The “applicable exclusion amount” is the amount of a deceased person’s estate that passes free of estate tax. This differs from the unlimited marital deduction that applies when one spouse dies and transfers all of his or her interest in property to the surviving spouse. There is an applicable exclusion amount for federal estate tax purposes and an applicable exclusion amount for the state of Washington’s estate tax purposes. Under both federal and Washington law, the applicable exclusion amount is subject to adjustment. For federal estate taxes, the applicable exclusion amount is $11,400,000 for 2019, a...Read More
An escrow holder owes fiduciary duties to all parties to the escrow, and owes the same duty of fidelity that an agent or trustee owes to its principles. Parties to escrows frequently misunderstand these duties. It is not an escrow holder’s job to sort out ambiguities of a contract between the parties; rather, the escrow holder’s duties are defined by the actual escrow instructions given by the parties. An escrow holder also cannot prefer one party over the other, or disclose one party’s confidences to the other without consent. Escrow holders are not to be arbiters...Read More
In the midst of divorce proceedings, the effect of those proceedings on existing estate planning documents and whether the estate planning documents should be replaced are probably not high on a person’s list of things to consider. Under Washington law, a Will signed during marriage that gives property or powers to a spouse is revoked as to that spouse when the parties divorce, unless the Will expressly provides otherwise. However, in Washington, the Will is not revoked as to relatives of that spouse who may be named in the Will. Sometimes, a Will includes a bequest...Read More
“I want to gift some money to my kids, and avoid estate tax, but I know you can only give $15,000 in a year.” Clients say this regularly. But the gifting cap is a myth! In the vast majority of cases, the term “gift tax” is a misnomer. Only the very wealthiest are at risk of paying actual gift tax during their lifetimes. This is how gifting and gift tax works in Washington:
Washington estate tax (i.e. death tax) applies to the estate of a single person, or the case of a married couple, the...Read More
Getting a divorce is never easy --- but it certainly is less stressful when it is done amicably. In fact, many couples decide that they don’t need the advice of counsel because they are able to agree on the division of assets and liabilities --- and thus they proceed with filing pro se. Further, many couples remain friendly – and sometimes even more so – after the divorce, finding they actually get along better and like each other more outside of the confines of the marital relationship.
In these situations, it is often the case that the spouses do not...Read More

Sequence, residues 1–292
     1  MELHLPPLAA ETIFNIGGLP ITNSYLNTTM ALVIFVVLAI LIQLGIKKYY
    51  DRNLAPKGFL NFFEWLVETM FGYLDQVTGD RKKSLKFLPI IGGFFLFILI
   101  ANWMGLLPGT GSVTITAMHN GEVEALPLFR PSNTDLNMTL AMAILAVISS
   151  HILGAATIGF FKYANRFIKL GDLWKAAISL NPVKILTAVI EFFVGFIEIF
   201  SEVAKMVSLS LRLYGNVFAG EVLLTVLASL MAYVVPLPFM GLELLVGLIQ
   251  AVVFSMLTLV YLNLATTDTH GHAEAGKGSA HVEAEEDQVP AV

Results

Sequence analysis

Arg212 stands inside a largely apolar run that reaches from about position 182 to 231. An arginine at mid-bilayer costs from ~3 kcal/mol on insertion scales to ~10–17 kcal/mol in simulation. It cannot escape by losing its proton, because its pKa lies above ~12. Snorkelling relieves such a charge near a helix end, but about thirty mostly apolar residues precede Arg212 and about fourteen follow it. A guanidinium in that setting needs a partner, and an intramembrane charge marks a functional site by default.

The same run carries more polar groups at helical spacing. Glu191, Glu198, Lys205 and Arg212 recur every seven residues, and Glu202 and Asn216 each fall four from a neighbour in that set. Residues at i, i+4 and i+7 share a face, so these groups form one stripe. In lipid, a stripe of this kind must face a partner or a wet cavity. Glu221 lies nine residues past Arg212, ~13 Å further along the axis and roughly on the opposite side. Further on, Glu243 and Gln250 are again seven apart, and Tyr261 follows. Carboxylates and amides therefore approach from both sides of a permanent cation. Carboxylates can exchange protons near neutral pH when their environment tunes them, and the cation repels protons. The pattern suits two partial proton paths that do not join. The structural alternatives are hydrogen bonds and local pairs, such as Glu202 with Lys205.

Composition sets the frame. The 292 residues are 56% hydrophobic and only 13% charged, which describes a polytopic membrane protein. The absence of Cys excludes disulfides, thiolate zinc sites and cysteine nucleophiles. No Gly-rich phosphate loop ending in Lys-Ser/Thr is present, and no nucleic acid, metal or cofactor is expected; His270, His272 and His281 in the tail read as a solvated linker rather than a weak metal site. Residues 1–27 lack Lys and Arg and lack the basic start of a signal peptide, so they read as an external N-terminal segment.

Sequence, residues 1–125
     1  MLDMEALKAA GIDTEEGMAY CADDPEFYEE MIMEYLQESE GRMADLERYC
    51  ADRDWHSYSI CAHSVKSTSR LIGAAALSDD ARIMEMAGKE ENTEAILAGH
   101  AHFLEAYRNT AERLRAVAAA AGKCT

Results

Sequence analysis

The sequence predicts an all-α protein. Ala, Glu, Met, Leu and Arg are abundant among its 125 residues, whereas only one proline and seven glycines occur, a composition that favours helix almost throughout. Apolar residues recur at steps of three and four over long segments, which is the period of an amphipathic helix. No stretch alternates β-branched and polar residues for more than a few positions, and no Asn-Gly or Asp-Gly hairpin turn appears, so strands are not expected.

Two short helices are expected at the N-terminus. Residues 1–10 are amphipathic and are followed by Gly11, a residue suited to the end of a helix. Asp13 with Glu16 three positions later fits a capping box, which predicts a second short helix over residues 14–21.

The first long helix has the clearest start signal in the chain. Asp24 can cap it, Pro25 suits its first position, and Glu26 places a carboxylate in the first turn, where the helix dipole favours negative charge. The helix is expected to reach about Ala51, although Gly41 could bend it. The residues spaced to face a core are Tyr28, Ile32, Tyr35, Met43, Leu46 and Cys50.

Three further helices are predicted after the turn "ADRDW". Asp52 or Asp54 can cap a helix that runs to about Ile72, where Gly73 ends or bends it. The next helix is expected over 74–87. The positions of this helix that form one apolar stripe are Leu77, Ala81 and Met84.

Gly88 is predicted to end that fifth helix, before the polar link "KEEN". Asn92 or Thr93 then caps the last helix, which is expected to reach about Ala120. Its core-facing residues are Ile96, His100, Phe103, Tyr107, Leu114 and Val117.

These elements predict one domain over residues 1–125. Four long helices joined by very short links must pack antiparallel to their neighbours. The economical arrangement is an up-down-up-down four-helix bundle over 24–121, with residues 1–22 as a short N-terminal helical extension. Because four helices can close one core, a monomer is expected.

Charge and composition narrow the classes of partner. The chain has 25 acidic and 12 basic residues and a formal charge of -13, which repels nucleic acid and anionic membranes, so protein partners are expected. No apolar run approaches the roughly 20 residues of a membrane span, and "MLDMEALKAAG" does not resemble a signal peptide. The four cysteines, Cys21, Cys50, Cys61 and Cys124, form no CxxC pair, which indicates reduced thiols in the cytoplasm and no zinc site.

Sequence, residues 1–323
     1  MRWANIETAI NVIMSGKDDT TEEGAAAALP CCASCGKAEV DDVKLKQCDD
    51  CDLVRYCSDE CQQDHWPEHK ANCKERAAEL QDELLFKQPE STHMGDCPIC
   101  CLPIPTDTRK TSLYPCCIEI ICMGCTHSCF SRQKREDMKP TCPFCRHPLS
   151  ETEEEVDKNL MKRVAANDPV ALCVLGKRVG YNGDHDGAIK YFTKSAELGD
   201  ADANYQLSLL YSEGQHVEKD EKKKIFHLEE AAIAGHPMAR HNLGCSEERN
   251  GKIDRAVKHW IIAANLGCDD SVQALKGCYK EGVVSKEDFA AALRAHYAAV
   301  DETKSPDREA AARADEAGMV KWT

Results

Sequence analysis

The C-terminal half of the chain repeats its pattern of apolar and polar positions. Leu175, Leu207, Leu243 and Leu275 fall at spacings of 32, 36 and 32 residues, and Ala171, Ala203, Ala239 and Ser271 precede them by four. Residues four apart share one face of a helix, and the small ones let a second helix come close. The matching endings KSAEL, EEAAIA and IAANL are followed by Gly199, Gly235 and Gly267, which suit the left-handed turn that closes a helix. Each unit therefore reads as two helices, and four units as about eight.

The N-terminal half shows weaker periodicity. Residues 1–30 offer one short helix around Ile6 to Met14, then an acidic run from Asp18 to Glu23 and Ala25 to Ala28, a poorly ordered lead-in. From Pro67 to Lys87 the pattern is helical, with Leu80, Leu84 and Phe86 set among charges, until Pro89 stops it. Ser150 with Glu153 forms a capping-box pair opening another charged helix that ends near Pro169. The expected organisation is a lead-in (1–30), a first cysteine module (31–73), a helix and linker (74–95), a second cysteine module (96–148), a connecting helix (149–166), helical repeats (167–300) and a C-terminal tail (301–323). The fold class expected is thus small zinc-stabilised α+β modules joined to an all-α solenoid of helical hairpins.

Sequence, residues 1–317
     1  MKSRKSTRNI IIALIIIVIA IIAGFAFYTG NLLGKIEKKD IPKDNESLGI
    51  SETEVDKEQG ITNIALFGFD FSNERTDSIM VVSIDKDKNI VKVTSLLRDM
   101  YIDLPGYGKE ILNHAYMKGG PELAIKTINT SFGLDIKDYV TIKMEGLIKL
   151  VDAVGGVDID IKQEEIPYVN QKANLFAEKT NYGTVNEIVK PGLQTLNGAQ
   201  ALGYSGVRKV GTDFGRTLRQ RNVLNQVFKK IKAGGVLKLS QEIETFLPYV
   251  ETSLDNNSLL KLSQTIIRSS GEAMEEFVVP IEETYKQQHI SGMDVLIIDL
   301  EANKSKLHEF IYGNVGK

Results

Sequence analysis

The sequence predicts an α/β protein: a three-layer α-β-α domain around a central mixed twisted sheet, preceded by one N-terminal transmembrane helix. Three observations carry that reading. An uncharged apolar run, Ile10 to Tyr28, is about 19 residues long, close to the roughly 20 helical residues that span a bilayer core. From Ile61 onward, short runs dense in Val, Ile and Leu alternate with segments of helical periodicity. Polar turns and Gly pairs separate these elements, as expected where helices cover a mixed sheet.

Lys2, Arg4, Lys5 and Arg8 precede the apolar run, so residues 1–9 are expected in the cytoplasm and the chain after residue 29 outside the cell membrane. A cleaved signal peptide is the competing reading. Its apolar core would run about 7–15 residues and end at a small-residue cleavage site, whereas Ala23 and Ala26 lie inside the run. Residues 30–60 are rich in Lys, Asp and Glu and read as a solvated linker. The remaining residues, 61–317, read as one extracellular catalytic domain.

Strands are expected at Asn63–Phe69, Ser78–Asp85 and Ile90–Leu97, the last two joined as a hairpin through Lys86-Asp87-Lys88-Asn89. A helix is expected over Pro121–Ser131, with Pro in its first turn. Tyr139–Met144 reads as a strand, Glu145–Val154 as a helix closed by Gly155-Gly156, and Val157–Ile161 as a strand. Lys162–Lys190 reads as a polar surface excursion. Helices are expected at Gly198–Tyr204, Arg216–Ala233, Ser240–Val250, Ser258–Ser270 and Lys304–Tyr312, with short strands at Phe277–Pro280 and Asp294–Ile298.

If and when they are adopted, new proposed IRS regulations would reduce the ability to use valuation discounts when valuing transfers of interest between family members in some family LLCs or family limited partnerships. The proposed regulations also expand the instances in which the lapse of certain voting and liquidation rights attached to an interest in a family LLC / family LP will be treated as a taxable gift or bequest. For more information about the formation of family entities, or gifting or selling interest in family entities, call one of the estate planning attorneys at Beresford Booth PLLC.
The lawyers of Beresford Booth harness our expertise to maximize the benefit for our clients in any given situation. This can mean transforming a seemingly dire situation to a positive outcome. We enjoy creating efficient and successful outcomes. Recently, we had a client whose financial position was bleak. His wife had died, leaving property in his hands. He called Beresford Booth PLLC and we helped our client take control of the estate. We quickly realized that as part of the estate, our client and his wife owned a shared property with a partner. We established that...Read More
Stated differently, “a job worth doing is a job worth doing right”. The Washington Statute, RCW 11.12.020, requires that a will to be validly executed, must, among other requirements, be attested by two or more competent witnesses while in the presence of the testator (person signing their will). In light of these statutory requirements, our office policy is to require the testator to physically come into the office to execute their will. Why are we so particular? A look at a recent Washington Court of Appeals Division I case in the Estate of Hook, 193 Wn. App. 862 answers this...Read More
The state of Washington imposes a real estate excise tax on transfers of real estate, but exemptions from the tax are available for certain types of transfers. One exemption has been for distributions from the estate of a deceased person to a will beneficiary when the estate involves probate of a last will and testament or to an heir when there is an “intestate” estate (where no will is involved). To receive the exemption, documentation in the form of a certified copy of Letters Testamentary or Letters of Administration had to be presented to the county when the deed was...Read More
The “applicable exclusion amount” is the amount of a deceased person’s estate that passes free of estate tax. This differs from the unlimited marital deduction that applies when one spouse dies and transfers all of his or her interest in property to the surviving spouse. There is an applicable exclusion amount for federal estate tax purposes and an applicable exclusion amount for the state of Washington’s estate tax purposes. Under both federal and Washington law, the applicable exclusion amount is subject to adjustment. For federal estate taxes, the applicable exclusion amount is $5,450,000 for 2016, a slight increase over the...Read More